Cpl Roman F. Klick 36620923
Co "A", 353rd Engr Regt
A.P.O. #502, c/o Postmaster
San Francisco, California
August 1, 1943
Dear Aunty Clara,
Now for the answers to your letters. After a two day lull in your letters, I was tickled pink to receive them again. The only trouble is that once again a bunch have come in which only means more letterless days in the future.
So Aunt-Aunt is going vacationing in grand style this year. No more of that little cottage near some lake business. I imagine that perhaps either Bella suggested it and Aunt-Aunt thought that she owed it to her to go with her this year or maybe Aunt-Aunt suggested it in the first place to sort of get Bella's mind off of things. A change of atmosphere and environment usually help in changing your slant on life after it tends to go off the morbid end.
I know just what kind of job it is cleaning out those china closets for I remember the times when you would be washing and washing those dishes and things and they would be stacked over the dining room and kitchen tables for hours. We sure have accumulated quite a bit of knick-knacks and articles that today are filled with memories of yesterday. I never will forget that Ralston "All Gone" dish that I used to eat cereal out of. And that World's Fair cup will always be a prized treasure in that china closet. Did you run across the sugar dish of my mother's set which has the cracked lid? And did you find all those odds and ends in is such as pennies, nickels, pins, buttons and stamps?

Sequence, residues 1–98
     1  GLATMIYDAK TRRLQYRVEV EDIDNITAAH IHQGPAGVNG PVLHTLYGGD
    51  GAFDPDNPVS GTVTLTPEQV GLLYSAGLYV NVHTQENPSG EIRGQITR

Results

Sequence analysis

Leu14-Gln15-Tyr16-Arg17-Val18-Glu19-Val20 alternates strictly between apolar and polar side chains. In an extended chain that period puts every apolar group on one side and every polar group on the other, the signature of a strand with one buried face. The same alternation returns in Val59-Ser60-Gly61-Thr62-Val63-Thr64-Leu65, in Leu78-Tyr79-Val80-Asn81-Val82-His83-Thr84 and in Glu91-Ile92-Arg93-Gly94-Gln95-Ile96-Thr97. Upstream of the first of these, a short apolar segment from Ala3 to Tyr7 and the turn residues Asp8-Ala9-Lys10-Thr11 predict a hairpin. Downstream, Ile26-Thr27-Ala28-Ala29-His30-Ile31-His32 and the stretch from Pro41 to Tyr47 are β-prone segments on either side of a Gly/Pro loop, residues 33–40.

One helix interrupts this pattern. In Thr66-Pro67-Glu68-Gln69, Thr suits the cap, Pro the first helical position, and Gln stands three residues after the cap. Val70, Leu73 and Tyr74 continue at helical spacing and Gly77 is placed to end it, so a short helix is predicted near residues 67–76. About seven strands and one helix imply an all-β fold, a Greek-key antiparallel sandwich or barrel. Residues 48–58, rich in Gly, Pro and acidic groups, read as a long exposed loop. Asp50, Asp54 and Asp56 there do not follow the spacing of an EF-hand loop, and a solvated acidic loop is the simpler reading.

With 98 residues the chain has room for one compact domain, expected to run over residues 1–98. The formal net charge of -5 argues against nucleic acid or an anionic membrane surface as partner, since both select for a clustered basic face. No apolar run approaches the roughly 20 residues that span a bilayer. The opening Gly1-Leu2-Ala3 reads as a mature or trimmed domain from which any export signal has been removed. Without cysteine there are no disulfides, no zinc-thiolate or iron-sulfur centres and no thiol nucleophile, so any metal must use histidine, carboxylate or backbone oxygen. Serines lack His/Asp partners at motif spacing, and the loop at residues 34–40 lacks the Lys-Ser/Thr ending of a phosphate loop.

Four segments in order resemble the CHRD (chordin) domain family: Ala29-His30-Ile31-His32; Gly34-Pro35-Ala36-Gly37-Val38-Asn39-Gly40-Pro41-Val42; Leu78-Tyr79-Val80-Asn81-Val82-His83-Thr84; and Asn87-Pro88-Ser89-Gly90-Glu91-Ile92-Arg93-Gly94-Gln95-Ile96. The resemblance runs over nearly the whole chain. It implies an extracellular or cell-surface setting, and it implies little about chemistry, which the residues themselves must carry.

John Edie still has a few cablegrams due him for his birthday which came on the 17th of July. We have noticed that on those cablegrams that did come thru to other people and the one which John received they had crossed the ocean fast enough but had been held up quite some while on this end of the line. When I finally do receive it, I will tell you about it and just what the wording was.
You mentioned that the carpet in my room had to be rolled up and put away. Which carpet did you mean? There is the short one in front of the bed and there is the long one which runs alongside the bed. We can always get a little rug to replace the one taken away but that long one was just about perfect for that spot, wasn't it? That room was just about ideal with a double bed to twist and turn on, a rocking chair, a bookcase, a desk, a bureau, and a typewriter stand.
Say, I received another letter from Bob Hesser. This is getting terrible. That is the third letter he has sent me so far and which I have not answered. You will recall that I had a rough draft of a letter all ready for him but upon rereading it I thought better of sending it and the result was that I never did get one mailed to him. He is still addressing the mail to Camp White and it is being forwarded to our APO address. The funny part about it is that the government has a stamp made up with our old APO on it and not the new one.
This is what Bob has to say: "June 28, 1943 Chicago, Ill. Dear Roman: I have written twice before and have not received an answer. I've been wondering if you have changed your address and my letters did not catch up with you or if you've been too busy to answer them. I hope you will receive this one and let me hear from you. I have not heard anything from old gang at Rathborne so I don't have much to tell you at this time. Please let me know your new address if you have moved so that you will receive my letters without delay. Hoping to hear from you soon. Bob Hesser. (In case you have lost my address): 4128 School Street."
I'm getting in a picklement with my letter writing again and if I don't snap out of it soon, the backlog is going to be terrific. I'll not make anymore promises about writing but I do hope that in my next letter to you, I can say that I have written a number of other letters.